Review By: Clark Riffe
12/30/2005In "Discovering REAL Business Requirements for Software Project Success," author Robin Goldsmith focuses on the critical early stage of software development in which we gather and document business requirements. He credits Barry Boehm's book, "Software Engineering Economics" (1981), with making the world aware that the cost of fixing an error rises by an approximate factor of ten for each additional later stage at which the error is fixed. He says that this implies the most expensive error is a requirements error that is not found until the system is in production.
Based on these compelling economics, Goldsmith leads us through what it takes to do a better job discovering and testing REAL business requirements. First he defines the term "REAL business requirements." Next he goes into considerable detail about twenty-one ways to test whether the requirements have been appropriately defined. Throughout the book the author places responsibility on those charged with discovering requirements, encouraging them to look beyond the input received from business operators and users and to dig for the REAL business requirements.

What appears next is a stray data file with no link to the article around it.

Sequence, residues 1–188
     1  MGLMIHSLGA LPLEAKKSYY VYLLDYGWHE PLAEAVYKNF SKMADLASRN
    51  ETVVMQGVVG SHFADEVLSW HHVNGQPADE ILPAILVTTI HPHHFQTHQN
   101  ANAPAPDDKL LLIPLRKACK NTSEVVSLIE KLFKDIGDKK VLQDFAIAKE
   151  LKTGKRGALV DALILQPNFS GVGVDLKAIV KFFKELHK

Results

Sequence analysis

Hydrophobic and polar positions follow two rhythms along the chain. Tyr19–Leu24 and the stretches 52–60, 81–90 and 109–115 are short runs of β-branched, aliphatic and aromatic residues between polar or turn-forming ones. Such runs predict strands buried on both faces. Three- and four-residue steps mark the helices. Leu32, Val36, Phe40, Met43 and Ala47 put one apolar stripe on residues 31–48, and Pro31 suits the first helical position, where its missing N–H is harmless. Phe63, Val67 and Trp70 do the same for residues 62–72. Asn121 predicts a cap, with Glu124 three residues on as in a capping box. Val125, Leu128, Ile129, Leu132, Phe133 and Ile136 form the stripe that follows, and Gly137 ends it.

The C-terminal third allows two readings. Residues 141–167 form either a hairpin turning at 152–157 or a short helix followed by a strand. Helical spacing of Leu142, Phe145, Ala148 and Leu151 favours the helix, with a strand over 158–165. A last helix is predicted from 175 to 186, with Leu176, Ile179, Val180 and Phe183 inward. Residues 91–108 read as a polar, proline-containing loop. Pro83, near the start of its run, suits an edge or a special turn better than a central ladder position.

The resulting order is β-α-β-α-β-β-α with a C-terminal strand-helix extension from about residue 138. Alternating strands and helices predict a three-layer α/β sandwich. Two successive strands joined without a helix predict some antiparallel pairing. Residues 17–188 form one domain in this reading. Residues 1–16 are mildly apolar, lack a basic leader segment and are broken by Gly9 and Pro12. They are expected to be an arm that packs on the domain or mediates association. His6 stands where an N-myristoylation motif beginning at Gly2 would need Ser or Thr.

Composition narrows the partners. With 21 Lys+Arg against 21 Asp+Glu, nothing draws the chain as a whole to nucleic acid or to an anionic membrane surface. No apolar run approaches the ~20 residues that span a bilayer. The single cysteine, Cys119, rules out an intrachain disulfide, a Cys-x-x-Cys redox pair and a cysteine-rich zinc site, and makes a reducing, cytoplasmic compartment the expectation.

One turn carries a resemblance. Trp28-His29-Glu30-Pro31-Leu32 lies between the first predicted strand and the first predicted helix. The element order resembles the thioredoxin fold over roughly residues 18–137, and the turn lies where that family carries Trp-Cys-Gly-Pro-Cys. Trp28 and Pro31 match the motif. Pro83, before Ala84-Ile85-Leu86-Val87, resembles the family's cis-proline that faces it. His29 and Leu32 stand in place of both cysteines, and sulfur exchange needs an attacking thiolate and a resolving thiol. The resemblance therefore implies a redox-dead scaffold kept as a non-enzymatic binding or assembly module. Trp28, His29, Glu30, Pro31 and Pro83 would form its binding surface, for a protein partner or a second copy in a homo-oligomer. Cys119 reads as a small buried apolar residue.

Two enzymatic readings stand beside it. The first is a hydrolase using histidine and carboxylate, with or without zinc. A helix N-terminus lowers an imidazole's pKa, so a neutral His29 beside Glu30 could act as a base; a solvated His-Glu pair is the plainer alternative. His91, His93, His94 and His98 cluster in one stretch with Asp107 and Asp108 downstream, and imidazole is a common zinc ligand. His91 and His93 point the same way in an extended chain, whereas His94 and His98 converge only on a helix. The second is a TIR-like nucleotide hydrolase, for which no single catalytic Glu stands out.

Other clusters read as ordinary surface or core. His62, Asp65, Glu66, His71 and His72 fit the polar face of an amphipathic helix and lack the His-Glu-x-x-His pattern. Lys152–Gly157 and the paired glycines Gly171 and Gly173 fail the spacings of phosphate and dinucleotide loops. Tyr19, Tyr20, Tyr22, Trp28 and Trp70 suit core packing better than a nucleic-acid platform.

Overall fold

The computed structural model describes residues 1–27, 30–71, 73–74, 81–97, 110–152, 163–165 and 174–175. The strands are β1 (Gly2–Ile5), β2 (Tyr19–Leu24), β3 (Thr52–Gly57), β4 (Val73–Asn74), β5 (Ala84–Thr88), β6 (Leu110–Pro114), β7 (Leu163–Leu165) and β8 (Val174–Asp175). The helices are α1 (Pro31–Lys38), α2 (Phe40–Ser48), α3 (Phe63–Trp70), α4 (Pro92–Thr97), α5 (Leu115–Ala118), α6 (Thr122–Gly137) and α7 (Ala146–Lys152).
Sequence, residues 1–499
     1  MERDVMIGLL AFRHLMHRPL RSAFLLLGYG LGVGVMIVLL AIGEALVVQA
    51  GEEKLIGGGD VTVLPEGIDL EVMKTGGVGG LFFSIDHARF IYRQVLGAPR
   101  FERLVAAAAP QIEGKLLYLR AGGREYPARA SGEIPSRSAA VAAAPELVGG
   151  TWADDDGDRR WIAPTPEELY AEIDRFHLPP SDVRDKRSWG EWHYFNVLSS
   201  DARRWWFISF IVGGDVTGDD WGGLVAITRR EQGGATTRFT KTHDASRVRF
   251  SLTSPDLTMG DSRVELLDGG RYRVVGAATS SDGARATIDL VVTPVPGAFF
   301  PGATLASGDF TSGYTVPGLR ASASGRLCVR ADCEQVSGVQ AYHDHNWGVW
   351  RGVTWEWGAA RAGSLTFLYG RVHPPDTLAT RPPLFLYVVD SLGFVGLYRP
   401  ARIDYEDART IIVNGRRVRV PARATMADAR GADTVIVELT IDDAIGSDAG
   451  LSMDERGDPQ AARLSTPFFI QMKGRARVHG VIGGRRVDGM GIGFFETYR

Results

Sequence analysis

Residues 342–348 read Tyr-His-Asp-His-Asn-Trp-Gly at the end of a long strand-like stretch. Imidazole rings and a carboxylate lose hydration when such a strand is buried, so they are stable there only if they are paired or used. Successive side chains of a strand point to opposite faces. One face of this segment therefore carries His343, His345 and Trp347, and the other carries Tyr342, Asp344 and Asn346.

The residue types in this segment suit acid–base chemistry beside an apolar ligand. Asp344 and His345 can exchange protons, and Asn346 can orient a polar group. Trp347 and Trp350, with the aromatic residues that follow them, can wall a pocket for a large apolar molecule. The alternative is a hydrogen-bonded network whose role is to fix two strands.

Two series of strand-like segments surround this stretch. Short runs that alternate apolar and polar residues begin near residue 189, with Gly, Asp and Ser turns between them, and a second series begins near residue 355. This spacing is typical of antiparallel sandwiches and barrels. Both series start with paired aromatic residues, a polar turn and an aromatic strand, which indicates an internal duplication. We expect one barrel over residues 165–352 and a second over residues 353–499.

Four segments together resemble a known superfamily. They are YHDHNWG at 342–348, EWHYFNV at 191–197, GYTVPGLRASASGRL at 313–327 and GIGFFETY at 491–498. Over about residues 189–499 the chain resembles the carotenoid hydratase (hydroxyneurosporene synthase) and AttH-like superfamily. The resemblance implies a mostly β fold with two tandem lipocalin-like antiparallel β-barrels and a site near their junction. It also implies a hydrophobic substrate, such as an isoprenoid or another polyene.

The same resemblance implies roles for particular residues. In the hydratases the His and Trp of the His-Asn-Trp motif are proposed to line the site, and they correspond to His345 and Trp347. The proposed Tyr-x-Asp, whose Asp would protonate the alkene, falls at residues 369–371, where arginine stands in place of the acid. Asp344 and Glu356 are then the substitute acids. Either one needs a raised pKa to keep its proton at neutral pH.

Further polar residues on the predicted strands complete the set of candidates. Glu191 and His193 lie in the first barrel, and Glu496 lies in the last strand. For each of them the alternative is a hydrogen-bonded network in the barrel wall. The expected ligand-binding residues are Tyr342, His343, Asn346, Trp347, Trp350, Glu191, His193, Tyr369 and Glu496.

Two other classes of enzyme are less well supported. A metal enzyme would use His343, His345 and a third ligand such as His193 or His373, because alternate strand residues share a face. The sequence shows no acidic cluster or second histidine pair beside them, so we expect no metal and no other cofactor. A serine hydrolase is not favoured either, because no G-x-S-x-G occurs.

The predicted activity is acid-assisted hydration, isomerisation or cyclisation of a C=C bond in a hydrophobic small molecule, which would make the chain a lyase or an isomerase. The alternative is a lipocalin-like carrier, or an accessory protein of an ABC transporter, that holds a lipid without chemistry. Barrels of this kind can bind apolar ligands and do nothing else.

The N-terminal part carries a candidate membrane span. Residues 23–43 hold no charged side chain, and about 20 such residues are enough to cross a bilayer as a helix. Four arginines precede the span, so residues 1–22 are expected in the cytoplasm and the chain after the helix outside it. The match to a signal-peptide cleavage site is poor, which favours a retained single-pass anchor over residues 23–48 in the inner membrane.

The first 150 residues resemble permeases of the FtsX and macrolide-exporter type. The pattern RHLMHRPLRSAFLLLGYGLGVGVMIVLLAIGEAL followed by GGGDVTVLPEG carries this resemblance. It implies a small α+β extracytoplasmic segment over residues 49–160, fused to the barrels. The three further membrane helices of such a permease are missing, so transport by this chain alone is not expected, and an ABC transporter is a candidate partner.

Review By: Lee Copeland
12/30/2005"Defining business requirements is the most important and poorest performed part of system development." So begins "Discovering Real Business Requirements for Software Project Success" by Robin Goldsmith. Business requirements, unlike user requirements, define what a system must do to provide value to the organization. Many software projects ultimately do not satisfy organizations simply because the business goals were never defined. This book helps the reader effectively identify those requirements.
Robin Goldsmith offers an approach to discovering REAL business requirements that, if followed properly, can reduce the number of similar dialogues. We cannot expect our business partners to give us well-structured requirements ready for programming.